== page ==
Keep Cheerleaders Hot
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Every two years, we get several stories about how the national GOP campaign committees are meddling in primaries, either to support an incumbent, or to promote a favored candidate for an open seat.
You’d think that after the debacle in Florida in 2o10, when they went all-in for Charlie Crist, they’ve have learned their lesson; but NOOOOOO, not the case.
This year, the issue is more prominent, as several senators are facing challengers from the right, and are in danger of losing their primaries.
So why not try and end the practice by an institutional rules change?
As I understand the system, the overall umbrella organization is the RNC, which currently has 168 members. The two “hill” committees, the RSCC, and RCCC, though in actuality pretty much”controlled” by the GOP members of the House and Senate, are legally creatures of the RNC, which authorizes them every two years.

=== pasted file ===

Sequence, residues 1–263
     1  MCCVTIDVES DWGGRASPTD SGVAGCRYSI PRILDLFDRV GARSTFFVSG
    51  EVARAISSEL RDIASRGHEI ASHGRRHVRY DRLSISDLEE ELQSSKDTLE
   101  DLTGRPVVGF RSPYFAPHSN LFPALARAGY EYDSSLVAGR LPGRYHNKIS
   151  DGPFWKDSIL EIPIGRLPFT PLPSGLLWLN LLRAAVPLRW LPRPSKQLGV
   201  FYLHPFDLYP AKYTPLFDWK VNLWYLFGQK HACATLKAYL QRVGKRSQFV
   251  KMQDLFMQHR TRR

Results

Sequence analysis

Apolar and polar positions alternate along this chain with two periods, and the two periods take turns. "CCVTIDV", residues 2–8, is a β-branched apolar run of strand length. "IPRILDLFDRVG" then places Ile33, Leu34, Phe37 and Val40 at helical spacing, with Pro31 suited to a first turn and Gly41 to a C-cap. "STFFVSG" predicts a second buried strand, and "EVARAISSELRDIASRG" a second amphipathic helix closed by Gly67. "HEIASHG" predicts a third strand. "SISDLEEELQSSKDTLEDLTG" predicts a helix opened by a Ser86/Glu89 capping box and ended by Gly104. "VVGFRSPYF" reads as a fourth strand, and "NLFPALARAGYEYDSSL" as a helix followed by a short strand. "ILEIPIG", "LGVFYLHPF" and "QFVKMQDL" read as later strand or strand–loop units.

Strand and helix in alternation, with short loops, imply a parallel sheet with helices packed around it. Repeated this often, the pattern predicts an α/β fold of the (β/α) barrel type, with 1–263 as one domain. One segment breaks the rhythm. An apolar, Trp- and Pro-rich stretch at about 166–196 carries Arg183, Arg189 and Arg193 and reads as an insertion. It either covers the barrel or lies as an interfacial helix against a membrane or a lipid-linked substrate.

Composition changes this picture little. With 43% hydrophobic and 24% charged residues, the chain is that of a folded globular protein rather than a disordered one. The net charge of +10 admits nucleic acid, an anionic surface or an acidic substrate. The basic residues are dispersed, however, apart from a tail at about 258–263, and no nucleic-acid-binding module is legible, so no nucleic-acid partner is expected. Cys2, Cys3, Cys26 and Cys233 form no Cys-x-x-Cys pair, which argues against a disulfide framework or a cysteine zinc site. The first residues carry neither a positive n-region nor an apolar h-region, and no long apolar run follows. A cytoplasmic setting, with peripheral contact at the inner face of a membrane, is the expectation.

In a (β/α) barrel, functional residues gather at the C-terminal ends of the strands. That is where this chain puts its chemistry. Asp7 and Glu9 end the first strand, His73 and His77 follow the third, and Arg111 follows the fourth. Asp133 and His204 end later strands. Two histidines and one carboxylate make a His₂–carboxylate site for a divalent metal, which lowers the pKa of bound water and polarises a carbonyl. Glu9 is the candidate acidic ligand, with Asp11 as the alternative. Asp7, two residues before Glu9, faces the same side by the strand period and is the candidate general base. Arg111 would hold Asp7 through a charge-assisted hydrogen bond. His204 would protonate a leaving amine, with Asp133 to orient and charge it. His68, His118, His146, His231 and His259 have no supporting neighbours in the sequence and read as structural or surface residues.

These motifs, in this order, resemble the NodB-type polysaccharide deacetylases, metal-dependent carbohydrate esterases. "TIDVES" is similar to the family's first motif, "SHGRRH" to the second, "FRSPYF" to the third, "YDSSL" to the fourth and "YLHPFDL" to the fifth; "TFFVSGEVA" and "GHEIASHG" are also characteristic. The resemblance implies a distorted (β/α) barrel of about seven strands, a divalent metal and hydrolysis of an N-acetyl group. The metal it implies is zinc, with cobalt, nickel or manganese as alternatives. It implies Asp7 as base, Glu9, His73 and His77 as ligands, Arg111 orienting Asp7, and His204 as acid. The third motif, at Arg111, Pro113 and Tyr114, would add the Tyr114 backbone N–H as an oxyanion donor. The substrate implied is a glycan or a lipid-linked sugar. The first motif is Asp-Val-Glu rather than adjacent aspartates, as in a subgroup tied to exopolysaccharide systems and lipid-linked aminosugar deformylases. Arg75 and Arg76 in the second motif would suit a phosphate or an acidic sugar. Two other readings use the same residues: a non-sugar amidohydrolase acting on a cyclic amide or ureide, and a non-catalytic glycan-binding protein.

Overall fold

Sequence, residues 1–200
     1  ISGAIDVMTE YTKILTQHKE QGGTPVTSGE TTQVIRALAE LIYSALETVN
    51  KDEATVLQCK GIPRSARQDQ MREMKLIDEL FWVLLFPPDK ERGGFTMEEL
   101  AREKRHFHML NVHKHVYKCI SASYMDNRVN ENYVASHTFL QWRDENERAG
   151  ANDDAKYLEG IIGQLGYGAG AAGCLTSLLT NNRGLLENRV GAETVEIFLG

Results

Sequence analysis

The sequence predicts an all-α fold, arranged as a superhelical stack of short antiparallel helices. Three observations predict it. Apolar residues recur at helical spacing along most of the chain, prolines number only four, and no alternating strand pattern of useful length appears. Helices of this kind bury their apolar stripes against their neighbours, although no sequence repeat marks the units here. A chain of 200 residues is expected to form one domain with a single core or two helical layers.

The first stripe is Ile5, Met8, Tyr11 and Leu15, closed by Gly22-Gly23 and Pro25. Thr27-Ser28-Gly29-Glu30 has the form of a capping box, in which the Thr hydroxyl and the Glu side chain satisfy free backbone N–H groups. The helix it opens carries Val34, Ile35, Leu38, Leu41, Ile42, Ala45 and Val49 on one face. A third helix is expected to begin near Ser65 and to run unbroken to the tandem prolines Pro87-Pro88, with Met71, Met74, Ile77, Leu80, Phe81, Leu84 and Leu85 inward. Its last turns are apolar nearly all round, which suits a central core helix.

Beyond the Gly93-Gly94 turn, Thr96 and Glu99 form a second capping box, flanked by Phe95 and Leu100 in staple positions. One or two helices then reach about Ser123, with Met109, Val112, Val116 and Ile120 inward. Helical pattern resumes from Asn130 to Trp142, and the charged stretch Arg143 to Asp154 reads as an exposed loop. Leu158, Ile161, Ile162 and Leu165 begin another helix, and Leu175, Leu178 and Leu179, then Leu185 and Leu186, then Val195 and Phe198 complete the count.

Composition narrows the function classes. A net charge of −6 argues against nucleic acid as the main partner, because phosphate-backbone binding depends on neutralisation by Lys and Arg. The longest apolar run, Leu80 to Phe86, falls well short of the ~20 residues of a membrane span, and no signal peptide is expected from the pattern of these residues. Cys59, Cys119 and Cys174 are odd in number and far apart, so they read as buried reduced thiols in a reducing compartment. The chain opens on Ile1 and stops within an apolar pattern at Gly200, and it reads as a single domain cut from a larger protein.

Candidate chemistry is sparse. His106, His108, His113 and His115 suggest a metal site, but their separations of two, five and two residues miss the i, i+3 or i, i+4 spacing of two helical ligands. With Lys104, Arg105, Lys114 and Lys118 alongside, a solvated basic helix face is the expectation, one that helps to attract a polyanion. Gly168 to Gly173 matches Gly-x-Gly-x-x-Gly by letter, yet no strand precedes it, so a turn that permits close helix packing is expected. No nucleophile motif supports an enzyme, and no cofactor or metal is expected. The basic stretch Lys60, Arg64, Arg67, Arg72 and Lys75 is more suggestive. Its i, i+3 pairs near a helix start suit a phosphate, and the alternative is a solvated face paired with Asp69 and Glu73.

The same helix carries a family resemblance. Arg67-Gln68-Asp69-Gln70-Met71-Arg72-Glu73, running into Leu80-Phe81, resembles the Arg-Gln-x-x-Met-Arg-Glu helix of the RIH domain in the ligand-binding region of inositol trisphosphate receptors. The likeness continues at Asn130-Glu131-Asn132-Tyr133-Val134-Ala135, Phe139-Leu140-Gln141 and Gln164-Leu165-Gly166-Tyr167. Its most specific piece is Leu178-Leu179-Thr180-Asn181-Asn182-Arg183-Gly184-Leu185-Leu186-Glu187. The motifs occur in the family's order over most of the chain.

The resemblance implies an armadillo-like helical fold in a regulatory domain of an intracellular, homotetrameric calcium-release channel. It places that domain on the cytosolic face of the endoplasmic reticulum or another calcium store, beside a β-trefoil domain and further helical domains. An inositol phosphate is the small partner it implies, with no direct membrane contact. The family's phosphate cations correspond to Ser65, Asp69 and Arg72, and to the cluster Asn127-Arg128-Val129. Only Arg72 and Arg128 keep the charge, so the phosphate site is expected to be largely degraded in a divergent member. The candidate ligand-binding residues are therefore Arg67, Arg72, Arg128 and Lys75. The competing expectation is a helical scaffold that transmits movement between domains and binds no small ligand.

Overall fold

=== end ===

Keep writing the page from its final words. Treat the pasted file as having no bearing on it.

It’s time for a resolution in the RNC to prohibit all three from interfering in GOP primaries, either with money, staff, or both.
There most likely aren’t enough votes to pass this now, but surely there are enough conservative RNC members to introduce the bill, and force it to a vote. Let’s get everyone on the record for now; it’s how we begin the process of changing the game, and the GOPe.
Some will maintain that the national committees aren’t that important anymore, that PACs are the big players in the money game, and that smart people donate directly to the candidates they support, or to groups like “Club for Growth” that have a specific agenda, and support like-minded candidates.
That’s true, but the national committees still raise a lot of money, and are wasting a lot of it on intramural Republican politics, rather than allocating it to defeating Democrats.
There is indeed an ongoing battle for the soul of the Republican party, and we should not miss the opportunity to engage them on every front.
There are 24 GOP senators up in 2016, and by my rough count, as many as 10 will retire or face a primary. It’s time to start sending a message to the national party to stay out of the primaries.